~31mm or 50mm 1.4 lens
~1 memory card, 2 if you plan to do weddings, capable of holding 500 maximum quality jpegs each
~external hot-shoe compatible flash with swivel and/or pivot capabilities
~a piece of neutrally-coloured fabric (white, light beige, light grey) that is a) wrinkle-free or b) wrinkles nicely (muslin works well and is relatively cheap...) that is about 8ft - 10ft wide by 10ft or more long for draping ugly stuff or tacking up on the wall (tab-style curtains from your local dept store work well, too)
These are things that you can collect over time, adding to your versatility as a photographer.
~zoom lens, 70mm - 200mm range, preferably f2.8 or smaller though f3.5 will work
~wide angle lens
~release, wired or wireless - the magicalest-est tool EVER for getting difficult kids (and parents) to have their picture taken...
~tripod - nice for doing a series of portraits that all need to be similar (like headshots for your kids' soccer team) and for playing with in the dark
~backdrop stand - sew a tube at the top of any kind of fabric you have and voila
~dark or black backdrop for doing those low-key high contrast photos
~strobe kit (you can pick up an inexpensive but effective set of 2 multi-purpose strobes with up to 4 umbrellas for under $200 including shipping and duty on eBay - just make sure you get ones that say 'shoot-through' umbrellas and wireless sync)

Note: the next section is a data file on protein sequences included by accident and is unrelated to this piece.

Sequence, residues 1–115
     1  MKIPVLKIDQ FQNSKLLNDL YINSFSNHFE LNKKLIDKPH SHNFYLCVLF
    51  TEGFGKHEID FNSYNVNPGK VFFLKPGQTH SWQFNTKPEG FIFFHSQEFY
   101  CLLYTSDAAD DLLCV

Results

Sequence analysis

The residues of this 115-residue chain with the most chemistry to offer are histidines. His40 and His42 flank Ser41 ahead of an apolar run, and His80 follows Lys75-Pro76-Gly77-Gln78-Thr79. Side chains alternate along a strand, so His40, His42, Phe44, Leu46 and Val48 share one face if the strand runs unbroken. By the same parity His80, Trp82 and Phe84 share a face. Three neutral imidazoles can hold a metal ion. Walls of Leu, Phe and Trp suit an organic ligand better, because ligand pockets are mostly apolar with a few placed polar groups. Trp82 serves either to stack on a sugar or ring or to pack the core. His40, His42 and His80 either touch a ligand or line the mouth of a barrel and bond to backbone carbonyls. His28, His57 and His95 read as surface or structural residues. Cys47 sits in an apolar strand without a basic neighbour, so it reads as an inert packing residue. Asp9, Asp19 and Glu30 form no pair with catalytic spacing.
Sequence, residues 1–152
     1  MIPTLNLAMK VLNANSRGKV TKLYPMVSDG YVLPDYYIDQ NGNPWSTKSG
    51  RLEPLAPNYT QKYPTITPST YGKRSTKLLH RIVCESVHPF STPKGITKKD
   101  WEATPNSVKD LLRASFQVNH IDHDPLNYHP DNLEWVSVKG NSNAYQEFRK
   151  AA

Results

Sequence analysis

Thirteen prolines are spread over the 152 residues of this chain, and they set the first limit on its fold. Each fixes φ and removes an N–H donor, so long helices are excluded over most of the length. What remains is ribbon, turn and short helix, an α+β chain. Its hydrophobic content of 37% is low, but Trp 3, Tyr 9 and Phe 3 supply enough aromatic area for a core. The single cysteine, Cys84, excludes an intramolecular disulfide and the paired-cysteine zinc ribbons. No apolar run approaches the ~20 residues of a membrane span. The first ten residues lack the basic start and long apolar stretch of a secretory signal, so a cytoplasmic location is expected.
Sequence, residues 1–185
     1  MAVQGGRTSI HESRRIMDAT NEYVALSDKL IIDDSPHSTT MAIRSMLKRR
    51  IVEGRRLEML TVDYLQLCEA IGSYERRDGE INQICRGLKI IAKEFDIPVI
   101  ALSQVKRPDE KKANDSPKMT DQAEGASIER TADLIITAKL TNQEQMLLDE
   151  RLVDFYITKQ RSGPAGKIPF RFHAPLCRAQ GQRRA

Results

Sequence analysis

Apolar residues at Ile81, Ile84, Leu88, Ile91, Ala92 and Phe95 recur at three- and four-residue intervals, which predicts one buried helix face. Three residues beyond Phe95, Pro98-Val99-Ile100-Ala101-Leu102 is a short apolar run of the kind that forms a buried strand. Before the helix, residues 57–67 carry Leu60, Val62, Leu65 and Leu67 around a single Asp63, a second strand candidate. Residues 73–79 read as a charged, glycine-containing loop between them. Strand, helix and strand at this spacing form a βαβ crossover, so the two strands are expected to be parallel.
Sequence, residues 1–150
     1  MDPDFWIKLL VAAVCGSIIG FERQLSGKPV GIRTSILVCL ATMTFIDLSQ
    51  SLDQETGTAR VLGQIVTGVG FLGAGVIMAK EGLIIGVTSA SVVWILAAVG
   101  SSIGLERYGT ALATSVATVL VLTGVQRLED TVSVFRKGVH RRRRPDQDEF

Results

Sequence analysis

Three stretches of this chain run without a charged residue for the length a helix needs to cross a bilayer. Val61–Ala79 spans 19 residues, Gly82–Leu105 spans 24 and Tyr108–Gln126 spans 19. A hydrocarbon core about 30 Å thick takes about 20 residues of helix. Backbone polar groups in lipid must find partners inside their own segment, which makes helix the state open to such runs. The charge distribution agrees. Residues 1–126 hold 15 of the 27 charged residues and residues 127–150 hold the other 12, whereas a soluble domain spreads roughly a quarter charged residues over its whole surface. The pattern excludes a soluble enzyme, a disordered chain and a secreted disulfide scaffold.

A note about using the same location: if you are going to be doing photos in one location (including a permanent or makeshift studio in your home) you *may* want to mix things up with some fun props; these can be anything from a little sheepskin Ikea rug or a nice wicker basket and fluffy white towel for photographing newborns, to a miniature park bench, table and chairs, or rocking chair for younger children; tall stools or a funky wooden chair or two for seating variety; a set of blocks or juggling balls that spell 'boy' and 'girl' for maternity sessions (dry-erase markers write on skin and flake off easily, too). For glamour portraits you may want to look into buying some gauzy or sheer fabric, some peacock feathers, or some long gloves and beads. Any second-hand store is a treasure trove of inexpensive props, often yeilding the most amazing fun stuff for a song! And even if you normally wouldn't shop there, I have to tell you that my favourite place to look for fabric is in the $1.97 bin at WalMart. I've found everything from fun fur and oriental brocades to sassy stripes and polka dots, from shiny satins to gossamer organzas... all for $1.97 a metre - LURVE IT!!!
The oroiginal artists... the Tommy Seebach disco version is hilarious, though...
I was out camera looking last night. I was leaning towards the Canon Rebel XTi, but then a lil Nikon caught my eye. It was the Nikon D80. I am also a leftie and have a learning curve with all of the buttons and dials being on the right side.
What should I be thinking about in terms of a camera/body/lenses etc. I think for what I want to do, would mostly be indoor photography and some outdoor I would think...
Can you help me figure this out?! I don't want to purchase the WRONG camera as it will be a HUGE purchase for me!!! EEEK!! So exciting.